This analysis provides clear evidence that the COVID-19 pandemic was a disruptive force to many young adults at a time in their life that is critical for their long-term economic security. In response, young adults changed how they perceive the costs and benefits to immediate employment and further investment in education – and many acted on it.
Prior to the onset of the COVID-19 pandemic, young adults were spending more time in school, delaying participation in the low-wage labor market, and were less likely to be disengaged. In the past year-and-a-half, young adults, particularly high school graduates, have entered the labor force at higher rates as opposed to enrolling in higher education. The spike in employment of this age group has been accompanied by unusually strong real wage gains in this period for young adults with less than a college degree. In contrast, recent college graduates are experiencing compensation outcomes comparable to the periods following the previous two recessions.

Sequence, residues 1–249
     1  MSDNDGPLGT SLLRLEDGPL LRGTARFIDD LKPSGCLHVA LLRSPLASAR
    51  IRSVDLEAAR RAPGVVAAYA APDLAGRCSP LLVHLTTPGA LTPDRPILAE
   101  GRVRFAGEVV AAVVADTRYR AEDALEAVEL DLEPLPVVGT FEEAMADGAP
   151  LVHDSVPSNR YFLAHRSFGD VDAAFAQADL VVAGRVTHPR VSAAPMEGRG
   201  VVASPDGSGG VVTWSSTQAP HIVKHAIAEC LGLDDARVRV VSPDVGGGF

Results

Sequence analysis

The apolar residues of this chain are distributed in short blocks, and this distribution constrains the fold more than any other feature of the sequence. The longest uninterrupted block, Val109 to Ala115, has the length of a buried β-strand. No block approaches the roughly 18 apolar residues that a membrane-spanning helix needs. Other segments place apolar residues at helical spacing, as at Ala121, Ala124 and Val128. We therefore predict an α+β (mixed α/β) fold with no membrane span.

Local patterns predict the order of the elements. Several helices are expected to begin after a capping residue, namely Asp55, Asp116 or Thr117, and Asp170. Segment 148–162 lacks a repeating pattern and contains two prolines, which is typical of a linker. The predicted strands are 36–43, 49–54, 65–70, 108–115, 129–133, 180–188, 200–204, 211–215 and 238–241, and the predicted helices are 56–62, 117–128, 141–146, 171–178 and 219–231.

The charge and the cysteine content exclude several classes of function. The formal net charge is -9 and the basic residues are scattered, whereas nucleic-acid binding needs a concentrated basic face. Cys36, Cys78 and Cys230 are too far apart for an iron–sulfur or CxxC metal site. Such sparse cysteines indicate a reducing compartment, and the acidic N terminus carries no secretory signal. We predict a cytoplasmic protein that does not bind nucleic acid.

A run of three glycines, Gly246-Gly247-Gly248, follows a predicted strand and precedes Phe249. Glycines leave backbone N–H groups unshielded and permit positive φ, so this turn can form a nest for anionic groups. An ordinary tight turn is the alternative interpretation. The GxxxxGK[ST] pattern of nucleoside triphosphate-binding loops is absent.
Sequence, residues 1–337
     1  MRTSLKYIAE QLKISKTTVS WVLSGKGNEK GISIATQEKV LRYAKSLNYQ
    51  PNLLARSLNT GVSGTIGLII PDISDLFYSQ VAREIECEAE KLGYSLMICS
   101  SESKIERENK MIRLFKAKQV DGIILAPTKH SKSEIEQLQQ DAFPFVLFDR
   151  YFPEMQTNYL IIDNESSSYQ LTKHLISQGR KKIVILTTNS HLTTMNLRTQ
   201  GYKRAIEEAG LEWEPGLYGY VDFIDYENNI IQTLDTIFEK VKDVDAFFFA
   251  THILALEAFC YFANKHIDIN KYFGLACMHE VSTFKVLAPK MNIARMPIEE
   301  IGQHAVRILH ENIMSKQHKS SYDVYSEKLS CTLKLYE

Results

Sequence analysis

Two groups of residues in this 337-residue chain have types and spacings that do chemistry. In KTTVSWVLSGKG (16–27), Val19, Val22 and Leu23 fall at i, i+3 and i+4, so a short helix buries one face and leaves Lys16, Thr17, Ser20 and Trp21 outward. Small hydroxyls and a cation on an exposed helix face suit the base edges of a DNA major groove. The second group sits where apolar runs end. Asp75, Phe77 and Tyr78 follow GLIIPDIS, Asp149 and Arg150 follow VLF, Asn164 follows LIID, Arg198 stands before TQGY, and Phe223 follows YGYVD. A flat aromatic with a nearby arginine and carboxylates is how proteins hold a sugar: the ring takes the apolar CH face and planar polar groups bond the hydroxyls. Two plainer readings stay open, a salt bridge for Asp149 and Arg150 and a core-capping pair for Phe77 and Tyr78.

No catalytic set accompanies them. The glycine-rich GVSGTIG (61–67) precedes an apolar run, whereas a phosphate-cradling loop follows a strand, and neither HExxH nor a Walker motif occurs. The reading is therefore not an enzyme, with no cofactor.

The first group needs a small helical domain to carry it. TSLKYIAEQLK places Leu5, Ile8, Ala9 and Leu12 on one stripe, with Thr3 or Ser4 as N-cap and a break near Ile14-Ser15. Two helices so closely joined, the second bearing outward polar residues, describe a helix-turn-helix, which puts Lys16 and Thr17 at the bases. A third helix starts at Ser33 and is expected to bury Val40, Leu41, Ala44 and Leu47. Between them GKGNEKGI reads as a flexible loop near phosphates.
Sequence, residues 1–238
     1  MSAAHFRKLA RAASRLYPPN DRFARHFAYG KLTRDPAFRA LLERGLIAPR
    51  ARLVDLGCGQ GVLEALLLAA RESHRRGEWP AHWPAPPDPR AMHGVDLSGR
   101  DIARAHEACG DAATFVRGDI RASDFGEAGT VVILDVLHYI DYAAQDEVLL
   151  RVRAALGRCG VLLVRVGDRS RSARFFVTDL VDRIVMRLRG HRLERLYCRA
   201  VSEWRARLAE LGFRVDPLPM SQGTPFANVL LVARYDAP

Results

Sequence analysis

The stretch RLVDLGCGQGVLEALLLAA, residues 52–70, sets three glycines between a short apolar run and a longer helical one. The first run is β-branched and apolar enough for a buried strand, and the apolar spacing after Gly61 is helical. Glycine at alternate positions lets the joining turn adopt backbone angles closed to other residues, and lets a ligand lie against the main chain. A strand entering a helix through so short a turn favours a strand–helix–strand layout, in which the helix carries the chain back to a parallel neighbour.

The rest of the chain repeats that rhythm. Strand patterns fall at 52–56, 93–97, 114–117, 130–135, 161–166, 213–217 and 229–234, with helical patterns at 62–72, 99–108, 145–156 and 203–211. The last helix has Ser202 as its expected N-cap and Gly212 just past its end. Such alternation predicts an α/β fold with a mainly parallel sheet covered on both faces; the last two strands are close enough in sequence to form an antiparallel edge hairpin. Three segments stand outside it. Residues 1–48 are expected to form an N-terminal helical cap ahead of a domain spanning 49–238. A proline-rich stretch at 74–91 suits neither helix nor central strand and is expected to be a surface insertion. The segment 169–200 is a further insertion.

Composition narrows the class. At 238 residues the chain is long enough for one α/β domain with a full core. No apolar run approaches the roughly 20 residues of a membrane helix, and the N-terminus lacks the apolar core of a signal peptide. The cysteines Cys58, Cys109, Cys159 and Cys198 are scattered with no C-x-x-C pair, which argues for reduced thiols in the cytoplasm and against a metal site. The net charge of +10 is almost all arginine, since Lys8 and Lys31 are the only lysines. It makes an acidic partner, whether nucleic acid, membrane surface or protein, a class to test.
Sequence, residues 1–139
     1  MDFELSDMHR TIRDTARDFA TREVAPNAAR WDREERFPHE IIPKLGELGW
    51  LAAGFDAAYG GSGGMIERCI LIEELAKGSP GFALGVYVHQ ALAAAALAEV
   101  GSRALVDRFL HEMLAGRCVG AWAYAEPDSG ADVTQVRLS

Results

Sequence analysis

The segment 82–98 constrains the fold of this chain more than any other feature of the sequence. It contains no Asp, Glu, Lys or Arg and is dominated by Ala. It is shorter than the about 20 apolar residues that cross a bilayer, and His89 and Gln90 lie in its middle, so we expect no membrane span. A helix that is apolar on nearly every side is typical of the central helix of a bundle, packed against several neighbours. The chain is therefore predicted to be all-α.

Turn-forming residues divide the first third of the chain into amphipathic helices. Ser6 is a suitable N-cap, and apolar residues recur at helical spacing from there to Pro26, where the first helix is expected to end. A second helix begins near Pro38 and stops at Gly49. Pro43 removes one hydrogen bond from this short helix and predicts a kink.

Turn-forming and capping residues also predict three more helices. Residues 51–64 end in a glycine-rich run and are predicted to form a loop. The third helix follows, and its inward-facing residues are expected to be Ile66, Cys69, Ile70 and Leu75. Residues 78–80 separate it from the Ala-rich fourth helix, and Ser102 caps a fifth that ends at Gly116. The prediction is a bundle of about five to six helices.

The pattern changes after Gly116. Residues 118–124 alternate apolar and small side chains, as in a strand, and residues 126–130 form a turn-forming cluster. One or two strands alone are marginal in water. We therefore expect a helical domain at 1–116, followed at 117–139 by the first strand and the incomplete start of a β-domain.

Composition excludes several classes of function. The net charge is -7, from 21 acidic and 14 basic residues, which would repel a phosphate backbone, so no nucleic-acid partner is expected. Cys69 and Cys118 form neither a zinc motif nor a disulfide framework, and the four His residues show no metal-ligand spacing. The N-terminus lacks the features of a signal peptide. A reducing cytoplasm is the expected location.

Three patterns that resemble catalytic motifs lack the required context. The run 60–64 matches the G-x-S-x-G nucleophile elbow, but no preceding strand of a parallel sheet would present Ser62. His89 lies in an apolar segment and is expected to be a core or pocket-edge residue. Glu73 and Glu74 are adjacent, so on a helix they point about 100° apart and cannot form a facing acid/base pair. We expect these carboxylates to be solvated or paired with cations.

It is too soon to tell whether decades of positive pre-COVID trends for young adults have been permanently or temporarily altered.